Homer’s Quest for Enlightenment In Four Parts


Before we start this journey, I would like to ask those of you who despise anything that isn’t “directly game related” to turn away…go farm KEMs or simply just save yourself some time and emotional distress.  This is meant for the REST of you, who in a “grinding period” (as we are now) may be looking for a little insight, fun, and metaphysical diversion.

Fair enough? (Although I hate that phrase…something is either fair, or it isn’t).

This update/event has been one of the craziest, most divisive updates in recent memory, and for reasons that the programmers and writers could scarcely have imagined.  OK. Hold on. Who are we kidding here? They knew it was going to incite some discussion, and some controversy, but most likely didn’t expect such clear division between “isms” from the players. So many “isms” choose from…and so few answers.

But, as it is playing out, Homer has continued to lead us all on a spiritual quest for enlightenment (whether we wanted to go down some of the paths or not).  And in the final chapter (is there ever actually a “final” chapter as it pertains to everlasting life?) it’s mostly meant to be just, plain, fun.

Let’s break down Homer’s journey…

The opening dialogue in the first frames of the Act I, started things off poorly.  Let’s be honest about it…nobody who has a chosen faith of any flavor likes to be called a “nutjob.” The ensuing debate between Lisa and Ned over the origins of Christmas and Paganism did little to help, and likely poured gasoline onto the fire.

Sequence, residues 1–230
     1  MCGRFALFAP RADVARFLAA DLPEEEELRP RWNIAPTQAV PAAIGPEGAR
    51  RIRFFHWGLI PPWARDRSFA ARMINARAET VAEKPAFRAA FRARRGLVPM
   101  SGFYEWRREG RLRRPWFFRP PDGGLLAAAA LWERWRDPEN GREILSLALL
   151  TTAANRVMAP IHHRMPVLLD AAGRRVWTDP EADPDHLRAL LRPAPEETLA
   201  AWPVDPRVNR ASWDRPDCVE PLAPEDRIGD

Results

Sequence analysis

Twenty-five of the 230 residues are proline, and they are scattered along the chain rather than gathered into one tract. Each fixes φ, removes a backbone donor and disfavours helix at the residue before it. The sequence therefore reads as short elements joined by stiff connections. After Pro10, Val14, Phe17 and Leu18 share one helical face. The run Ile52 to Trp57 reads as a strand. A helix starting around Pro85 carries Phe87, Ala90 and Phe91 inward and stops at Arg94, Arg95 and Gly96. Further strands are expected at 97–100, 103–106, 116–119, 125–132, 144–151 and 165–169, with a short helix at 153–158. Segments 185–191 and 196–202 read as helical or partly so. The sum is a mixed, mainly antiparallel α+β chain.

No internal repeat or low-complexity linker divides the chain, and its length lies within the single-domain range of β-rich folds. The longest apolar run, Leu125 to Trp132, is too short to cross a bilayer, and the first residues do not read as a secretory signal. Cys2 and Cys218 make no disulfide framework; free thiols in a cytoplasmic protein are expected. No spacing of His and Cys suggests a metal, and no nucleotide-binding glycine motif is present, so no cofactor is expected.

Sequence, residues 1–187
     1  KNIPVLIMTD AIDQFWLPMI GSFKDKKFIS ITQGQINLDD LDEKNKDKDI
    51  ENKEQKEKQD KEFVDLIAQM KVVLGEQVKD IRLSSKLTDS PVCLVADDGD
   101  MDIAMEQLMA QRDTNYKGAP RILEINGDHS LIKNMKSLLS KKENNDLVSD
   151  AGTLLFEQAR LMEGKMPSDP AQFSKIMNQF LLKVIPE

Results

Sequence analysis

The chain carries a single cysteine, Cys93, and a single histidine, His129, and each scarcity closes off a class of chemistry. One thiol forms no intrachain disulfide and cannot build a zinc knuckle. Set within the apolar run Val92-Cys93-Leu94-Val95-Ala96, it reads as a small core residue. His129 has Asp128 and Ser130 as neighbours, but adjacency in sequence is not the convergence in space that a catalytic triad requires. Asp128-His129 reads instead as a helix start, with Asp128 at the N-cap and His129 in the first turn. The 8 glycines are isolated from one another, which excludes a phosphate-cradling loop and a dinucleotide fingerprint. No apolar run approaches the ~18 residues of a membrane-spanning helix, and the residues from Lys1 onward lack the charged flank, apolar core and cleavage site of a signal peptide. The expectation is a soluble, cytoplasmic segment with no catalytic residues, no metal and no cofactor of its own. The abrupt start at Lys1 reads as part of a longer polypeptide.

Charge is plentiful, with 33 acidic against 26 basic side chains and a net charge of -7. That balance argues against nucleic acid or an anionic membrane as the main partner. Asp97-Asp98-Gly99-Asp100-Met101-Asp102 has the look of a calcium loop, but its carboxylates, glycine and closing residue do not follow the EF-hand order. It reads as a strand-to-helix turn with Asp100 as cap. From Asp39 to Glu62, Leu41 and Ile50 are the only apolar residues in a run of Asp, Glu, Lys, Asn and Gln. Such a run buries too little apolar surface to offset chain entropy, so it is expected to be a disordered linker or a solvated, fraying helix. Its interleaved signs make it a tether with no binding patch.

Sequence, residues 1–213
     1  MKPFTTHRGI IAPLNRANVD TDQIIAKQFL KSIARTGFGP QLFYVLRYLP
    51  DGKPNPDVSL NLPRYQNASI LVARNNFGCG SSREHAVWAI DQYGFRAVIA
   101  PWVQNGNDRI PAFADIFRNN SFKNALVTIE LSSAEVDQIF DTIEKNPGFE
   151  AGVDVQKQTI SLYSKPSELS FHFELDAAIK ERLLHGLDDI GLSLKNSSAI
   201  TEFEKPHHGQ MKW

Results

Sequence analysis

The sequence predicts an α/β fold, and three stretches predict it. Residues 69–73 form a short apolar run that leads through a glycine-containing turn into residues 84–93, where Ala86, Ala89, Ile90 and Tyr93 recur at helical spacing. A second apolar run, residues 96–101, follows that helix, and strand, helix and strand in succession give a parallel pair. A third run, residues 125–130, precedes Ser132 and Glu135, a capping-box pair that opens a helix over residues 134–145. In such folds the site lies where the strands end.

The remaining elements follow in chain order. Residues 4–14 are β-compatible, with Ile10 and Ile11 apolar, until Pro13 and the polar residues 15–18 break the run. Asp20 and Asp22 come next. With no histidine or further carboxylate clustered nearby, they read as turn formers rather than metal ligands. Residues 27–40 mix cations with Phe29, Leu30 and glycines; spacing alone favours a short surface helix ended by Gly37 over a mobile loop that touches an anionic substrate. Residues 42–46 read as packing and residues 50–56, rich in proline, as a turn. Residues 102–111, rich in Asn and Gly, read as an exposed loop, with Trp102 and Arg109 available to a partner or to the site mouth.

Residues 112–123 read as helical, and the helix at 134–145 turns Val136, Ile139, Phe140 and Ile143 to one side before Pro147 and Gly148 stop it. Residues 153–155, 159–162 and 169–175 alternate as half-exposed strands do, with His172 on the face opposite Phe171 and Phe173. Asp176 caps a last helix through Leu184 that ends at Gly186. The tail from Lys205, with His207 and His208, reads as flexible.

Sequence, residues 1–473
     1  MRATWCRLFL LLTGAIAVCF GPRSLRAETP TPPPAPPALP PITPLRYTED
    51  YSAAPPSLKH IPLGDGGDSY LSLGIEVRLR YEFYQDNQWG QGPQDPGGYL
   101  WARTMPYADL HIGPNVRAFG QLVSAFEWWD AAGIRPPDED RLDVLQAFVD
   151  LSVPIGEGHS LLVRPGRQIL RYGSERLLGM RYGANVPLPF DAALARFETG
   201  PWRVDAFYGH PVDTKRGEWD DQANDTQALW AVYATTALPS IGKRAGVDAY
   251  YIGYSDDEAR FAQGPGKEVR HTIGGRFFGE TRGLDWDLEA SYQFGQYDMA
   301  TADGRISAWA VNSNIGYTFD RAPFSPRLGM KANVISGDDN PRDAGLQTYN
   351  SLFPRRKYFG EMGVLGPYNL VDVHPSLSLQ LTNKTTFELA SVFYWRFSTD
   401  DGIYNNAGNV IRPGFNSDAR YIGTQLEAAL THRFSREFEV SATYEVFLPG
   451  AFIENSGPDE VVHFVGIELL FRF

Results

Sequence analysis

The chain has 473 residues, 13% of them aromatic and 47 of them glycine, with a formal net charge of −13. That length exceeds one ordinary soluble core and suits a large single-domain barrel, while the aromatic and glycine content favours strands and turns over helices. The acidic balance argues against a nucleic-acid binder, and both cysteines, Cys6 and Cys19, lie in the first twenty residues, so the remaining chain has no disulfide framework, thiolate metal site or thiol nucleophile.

But, when HOMER gets involved, we are faced with the need to look at religion in a broader context (mostly because his religious views circle endlessly around the food involved with each).

Homer: Is it true, sweetie? Are we having a Bacon Winter Carnival?
Lisa: “Pagan.” Why would anyone have a Bacon Festival? Stupid.
Homer: Don’t mock my religious beliefs! You don’t see me forcing my Baconist teachings on Pagans, do you?
Lisa: No. You’ve been very open-minded about that. Great job.

And there we have it…Homer’s first attempt at being inclusive and not divisive. But it doesn’t stop there…

In Act II things go further off of the rails, with all sorts of misinformation and poor interpretations of Pagan mythology. By the time the “book of shadows” makes its way into the dialogue, the writers are making fun of Paganism, and lazy, TSTO players in one, quick, exchange between Lisa and Willie.

Lisa: This Book of Shadows is just a collection of creepy, witchy nonsense.
Willie: So? EVERY book is a collection of creepy, witchy nonsense. What with all them words, and them strange symbols…
Lisa: Willie… you CAN read, right?
Willie: Aye! Unless it’s in-game dialog. No real man reads in-game dialog.

Ironically, many of you who just blow through the in-game dialogue may have missed that exchange. As well as Homer turning Willie’s horrifying suggestion of human finger sacrifices into “chicken fingers.”  Why not? It’s rumored that human fingers taste like chicken when deep-fried anyway…and they are far better than the squirrels that Willie forces everyone to eat, in order to better understand his version of Paganism.

By the end of Act II, EA has done their best to offend virtually anyone who “believes,” whether it is Paganism, Christianity (with its dedication to lavish gift giving) and almost everything else in between. By the end of Act II…the entire crew is off of the rails. Lisa has turned “Goth,” Burns has taken a turn at becoming a “new God,” and Ned is following any man in a collar, including Lovejoy and the Parson (who is more difficult to follow, as he tools around town in a golf cart, which is far faster than Lovejoy’s train engine).